It was a deep pleasure to spend the evening with two major musical forces based here in Boston. The delicious dinners that they create are famous in the music world. This composer/pianist and his wife, a conductor and former world-class soprano, are the warmest possible creatures. Midnight arrived, and there'd been so much wordplay, so many stories, and such a volley of hilarity-and-profundity, that I left feeling like I'd taken a vacation.
They told us that soon after they'd finished converting their garage into a composition studio, Susan one day discovered a number of curious neighborhood women who had descended upon the composer to find out exactly what he was accomplishing in there. Yehudi fell mischievously into a brash display at the piano, beginning with Chopin's Revolutionary etude, followed by choice bits from the Tempest sonata, and more. The women exhaled in unison, and Susan heard them oohing and aahing. Finally one of them exclaimed, "Oh, that is so relaxing!"
As a classical broadcaster, I realized, while laughing, that I've developed a bristle which happens automatically when I hear the word relax in the context of art music. It has been for some time the talk of the industry (and not only broadcasting, certainly). I've come to believe that it is symptomatic of a problem of vocabulary.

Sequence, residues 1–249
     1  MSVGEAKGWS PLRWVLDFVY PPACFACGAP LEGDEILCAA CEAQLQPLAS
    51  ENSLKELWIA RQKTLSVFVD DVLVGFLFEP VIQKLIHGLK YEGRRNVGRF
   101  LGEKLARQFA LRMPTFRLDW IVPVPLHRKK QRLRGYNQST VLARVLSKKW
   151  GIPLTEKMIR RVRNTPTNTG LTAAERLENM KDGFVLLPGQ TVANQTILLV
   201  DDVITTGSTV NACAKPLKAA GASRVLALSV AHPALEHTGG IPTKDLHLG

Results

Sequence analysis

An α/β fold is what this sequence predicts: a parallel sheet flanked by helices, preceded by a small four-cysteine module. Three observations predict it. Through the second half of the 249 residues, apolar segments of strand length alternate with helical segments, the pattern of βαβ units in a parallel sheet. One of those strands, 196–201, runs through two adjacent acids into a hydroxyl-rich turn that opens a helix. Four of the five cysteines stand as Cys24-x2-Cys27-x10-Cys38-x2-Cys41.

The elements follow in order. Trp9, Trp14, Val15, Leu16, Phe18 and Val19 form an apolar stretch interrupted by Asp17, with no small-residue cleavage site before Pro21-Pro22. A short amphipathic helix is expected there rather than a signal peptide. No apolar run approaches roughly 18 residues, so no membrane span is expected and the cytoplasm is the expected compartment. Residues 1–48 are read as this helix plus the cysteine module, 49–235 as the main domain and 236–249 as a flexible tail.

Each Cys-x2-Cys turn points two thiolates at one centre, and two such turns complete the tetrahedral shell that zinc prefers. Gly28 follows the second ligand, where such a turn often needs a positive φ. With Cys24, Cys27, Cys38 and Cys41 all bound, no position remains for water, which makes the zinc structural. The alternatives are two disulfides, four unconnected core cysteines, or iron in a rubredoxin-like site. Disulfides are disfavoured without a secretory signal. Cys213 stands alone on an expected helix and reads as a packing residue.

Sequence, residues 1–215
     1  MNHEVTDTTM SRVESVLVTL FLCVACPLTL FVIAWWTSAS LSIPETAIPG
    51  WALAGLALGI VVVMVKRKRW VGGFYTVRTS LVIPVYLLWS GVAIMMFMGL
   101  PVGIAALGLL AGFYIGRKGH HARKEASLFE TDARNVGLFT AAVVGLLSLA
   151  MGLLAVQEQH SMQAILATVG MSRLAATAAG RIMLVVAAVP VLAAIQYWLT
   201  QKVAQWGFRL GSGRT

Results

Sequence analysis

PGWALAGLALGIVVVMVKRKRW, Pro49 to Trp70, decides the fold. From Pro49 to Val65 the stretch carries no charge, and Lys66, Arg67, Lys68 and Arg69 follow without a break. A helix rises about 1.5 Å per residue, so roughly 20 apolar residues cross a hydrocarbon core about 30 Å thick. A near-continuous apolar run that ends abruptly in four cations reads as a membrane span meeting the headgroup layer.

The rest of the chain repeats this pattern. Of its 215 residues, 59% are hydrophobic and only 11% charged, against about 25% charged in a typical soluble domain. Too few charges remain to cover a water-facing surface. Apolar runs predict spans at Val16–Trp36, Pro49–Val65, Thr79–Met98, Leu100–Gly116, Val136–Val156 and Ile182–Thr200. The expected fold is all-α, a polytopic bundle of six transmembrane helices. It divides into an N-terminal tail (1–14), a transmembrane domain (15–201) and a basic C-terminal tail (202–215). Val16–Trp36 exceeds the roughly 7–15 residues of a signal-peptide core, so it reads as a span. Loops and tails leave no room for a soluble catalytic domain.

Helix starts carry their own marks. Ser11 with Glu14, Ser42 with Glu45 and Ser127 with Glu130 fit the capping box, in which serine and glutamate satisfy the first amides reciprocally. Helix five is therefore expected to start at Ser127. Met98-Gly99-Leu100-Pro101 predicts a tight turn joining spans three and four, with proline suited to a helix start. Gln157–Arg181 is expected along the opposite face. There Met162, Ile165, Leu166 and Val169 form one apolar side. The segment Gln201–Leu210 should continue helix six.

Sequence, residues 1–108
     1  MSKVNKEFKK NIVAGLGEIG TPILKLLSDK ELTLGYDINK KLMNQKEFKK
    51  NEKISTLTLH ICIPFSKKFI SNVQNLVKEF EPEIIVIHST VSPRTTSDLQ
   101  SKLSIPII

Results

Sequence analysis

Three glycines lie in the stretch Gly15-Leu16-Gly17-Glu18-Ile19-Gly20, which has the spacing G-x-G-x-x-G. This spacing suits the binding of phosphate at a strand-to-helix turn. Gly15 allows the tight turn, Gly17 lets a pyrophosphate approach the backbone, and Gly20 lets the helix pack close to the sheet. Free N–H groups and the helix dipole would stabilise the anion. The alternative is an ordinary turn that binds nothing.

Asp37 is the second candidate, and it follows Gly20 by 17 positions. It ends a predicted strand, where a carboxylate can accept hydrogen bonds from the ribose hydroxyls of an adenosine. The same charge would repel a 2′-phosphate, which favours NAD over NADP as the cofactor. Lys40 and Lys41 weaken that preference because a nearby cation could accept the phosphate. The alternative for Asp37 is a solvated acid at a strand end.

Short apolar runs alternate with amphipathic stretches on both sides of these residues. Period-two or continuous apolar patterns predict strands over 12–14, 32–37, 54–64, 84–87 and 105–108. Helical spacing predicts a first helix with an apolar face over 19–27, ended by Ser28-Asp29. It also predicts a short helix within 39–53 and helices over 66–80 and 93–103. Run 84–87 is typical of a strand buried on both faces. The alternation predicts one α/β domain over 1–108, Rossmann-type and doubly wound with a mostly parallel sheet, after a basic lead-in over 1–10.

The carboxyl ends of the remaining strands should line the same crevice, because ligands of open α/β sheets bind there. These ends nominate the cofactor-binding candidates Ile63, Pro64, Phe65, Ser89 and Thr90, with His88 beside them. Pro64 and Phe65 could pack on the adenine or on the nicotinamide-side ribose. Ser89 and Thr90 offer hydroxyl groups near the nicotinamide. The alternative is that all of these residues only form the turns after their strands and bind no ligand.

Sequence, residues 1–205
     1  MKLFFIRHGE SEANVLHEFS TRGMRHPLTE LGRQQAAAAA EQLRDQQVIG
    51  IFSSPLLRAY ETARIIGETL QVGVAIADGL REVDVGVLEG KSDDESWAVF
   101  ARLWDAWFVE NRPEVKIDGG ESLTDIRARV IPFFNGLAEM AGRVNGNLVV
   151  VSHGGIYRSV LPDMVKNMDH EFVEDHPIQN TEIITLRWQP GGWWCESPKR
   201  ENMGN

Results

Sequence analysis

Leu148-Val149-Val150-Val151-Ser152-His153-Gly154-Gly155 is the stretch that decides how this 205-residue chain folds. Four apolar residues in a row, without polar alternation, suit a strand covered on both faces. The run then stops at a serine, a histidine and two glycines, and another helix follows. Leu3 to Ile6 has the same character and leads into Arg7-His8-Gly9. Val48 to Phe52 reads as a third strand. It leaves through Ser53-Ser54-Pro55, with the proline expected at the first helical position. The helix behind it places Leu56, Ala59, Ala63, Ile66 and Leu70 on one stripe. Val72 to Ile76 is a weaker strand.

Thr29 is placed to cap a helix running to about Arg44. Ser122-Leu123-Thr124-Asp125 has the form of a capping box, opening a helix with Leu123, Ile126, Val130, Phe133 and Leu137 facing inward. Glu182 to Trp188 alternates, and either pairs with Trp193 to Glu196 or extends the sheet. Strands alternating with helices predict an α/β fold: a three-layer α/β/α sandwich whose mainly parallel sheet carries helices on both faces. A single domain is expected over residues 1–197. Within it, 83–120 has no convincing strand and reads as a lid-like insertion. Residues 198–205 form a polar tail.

God knows that music, by nature, resists explanation. Like poetry, it works its magic at levels we will never be able to name. But what would cause someone to call the dangerous and unstable blowing, rushing winds and waves of a Chopin etude "relaxing?" I imagine that it must be the first word that springs to the mind when the music has done its generous clearing-out. It is a sweet required focus that it demands. The dozens of needling daily stresses that bark and yelp for attention are forced to fall away when these exquisite waves come crashing into the foreground. That, perhaps, prompts the word "relax". It is similar to focus ... to a higher kind of attention.
I remember the pianist Russell Sherman telling me that he is a "great fan of tension." But, he said, it must be elegantly ... elegantly distributed throughout the body.
What can we possibly accomplish without tension?